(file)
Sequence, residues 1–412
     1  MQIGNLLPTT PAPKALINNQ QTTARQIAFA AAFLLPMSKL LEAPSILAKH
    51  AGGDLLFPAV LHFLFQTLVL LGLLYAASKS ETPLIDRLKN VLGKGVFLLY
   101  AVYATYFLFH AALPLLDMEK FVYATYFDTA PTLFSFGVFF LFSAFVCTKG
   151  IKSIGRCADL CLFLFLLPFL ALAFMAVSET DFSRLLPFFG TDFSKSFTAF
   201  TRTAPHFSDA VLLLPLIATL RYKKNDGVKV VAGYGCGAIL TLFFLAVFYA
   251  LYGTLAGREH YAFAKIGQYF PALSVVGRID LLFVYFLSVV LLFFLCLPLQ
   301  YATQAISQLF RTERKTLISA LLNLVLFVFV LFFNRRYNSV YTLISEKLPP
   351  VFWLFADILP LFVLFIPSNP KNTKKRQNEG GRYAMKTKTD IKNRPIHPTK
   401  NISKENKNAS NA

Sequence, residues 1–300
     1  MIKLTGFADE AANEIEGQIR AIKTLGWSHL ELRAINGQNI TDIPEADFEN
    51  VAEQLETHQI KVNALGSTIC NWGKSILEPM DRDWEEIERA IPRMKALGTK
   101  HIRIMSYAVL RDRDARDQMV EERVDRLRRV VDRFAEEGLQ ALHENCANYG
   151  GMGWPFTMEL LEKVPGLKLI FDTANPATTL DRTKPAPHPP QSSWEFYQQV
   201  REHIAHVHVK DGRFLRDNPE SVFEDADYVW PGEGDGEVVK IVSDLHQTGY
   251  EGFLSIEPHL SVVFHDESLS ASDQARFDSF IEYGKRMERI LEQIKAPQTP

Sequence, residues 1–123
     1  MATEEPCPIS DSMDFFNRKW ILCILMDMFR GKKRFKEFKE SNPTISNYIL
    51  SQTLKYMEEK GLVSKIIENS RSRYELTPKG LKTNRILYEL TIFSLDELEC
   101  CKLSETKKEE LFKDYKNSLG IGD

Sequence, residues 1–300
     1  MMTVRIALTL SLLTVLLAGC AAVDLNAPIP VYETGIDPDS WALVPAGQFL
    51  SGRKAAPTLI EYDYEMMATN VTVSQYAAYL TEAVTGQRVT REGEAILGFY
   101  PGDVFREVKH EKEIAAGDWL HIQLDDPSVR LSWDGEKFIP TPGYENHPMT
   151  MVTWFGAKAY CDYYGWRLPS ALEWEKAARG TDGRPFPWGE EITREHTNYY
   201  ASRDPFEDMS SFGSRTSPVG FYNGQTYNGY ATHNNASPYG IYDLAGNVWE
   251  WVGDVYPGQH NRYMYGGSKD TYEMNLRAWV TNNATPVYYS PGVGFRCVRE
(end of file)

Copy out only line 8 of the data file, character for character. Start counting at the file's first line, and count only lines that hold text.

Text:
   301  YATQAISQLF RTERKTLISA LLNLVLFVFV LFFNRRYNSV YTLISEKLPP